hillel halkin 88.
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The Israeli author and novelist A.B. Yehoshua has never been shy about expressing his opinions. Nor was he that when he appeared in a panel at an American Jewish Committee conference held in Washington last week. According to a report in this newspaper, Yehoshua "stirred controversy" by saying "that only the State of Israel can ensure the survival of the Jewish people" and went on to declare:
"For me, Avraham Yehoshua, there is no alternative [to being Jewish]â€¦. I cannot keep my identity outside Israel. [Being] Israeli is my skin, not my jacket. You [Diaspora Jews] are changing jacketsâ€¦ you are changing countries like changing jackets. I have my skin, the territory [of Israel]."
That Yehoshua's "passionate presentation," as the Post report put it, "became the talk of the conference," I can vouch for, since I was a panelist there myself, though not together with Yehoshua.
On Yehoshua's panel were the prominent novelist Cynthia Ozick; the author, columnist, and literary editor of The New Republic Leon Wieseltier; and the Israeli religious thinker and Talmudist scholar Adin Steinsaltz. While Yehoshua spoke, Ozick, a small, fragile-looking woman, sat shrinking in her chair as if she were being bludgeoned; Wieseltier stared glumly into space; and Steinsaltz looked on with an impish grin like someone at a boring dinner party that has just been livened up by a stink bomb. The members of the audience fidgeted in discomfit.
I sympathized with them. They had come from all over America for what was supposed to be a festive event, the centennial celebration of the founding of the American Jewish Committee in 1906, and here was one of their guests of honor telling them that they had been wasting their time for the past 100 years, and that they were simply play-acting at being Jews when the real thing was taking place elsewhere, in a Jewish state. Yehoshua was being a party pooper and they resented it.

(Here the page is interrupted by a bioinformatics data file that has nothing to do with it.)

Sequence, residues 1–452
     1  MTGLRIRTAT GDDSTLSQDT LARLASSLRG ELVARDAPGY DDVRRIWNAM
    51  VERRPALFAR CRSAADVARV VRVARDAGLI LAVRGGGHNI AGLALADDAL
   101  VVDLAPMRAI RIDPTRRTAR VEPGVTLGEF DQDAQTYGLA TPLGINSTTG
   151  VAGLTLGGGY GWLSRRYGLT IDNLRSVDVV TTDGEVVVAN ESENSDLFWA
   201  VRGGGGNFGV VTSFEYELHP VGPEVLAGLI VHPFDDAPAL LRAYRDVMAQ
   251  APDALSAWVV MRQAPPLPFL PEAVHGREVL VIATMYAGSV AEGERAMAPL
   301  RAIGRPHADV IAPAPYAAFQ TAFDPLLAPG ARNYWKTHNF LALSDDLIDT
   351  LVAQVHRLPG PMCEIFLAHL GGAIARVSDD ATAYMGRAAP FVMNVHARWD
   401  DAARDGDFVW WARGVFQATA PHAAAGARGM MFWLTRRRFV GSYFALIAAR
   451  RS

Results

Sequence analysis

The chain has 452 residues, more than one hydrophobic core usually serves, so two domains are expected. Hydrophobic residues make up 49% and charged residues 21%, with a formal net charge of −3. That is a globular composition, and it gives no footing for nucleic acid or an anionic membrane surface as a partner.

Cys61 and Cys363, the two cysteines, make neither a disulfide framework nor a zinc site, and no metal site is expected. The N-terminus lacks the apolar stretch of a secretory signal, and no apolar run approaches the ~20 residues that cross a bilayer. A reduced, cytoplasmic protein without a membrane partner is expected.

They were right to. It was bad manners on his part. There's a time and place for everything, and this was not the time or place for a harangue from the "Diaspora-negating" school of radical Zionism, which most American Jews assume was buried with David Ben-Gurion and his generation, and which the conference's delegates were surprised to discover still alive and kicking in the person of a famous Israeli author.
AND NOT only bad manners. There was a measure of ingratitude in it, too. After all, not only was Yehoshua, like me, flown to Washington, put up at a fancy hotel and paid a handsome honorarium, all at the expense of the American Jewish community, he has enjoyed - as has the entire State of Israel - this community's largesse for many years. It has bought his books, invited him to speak, been instrumental in getting him attractive teaching positions when on sabbatical from his post at the University of Haifa. One shouldn't spit in the well one has drunk from, not if one is a single individual and not if one is, collectively, the Jews of Israel.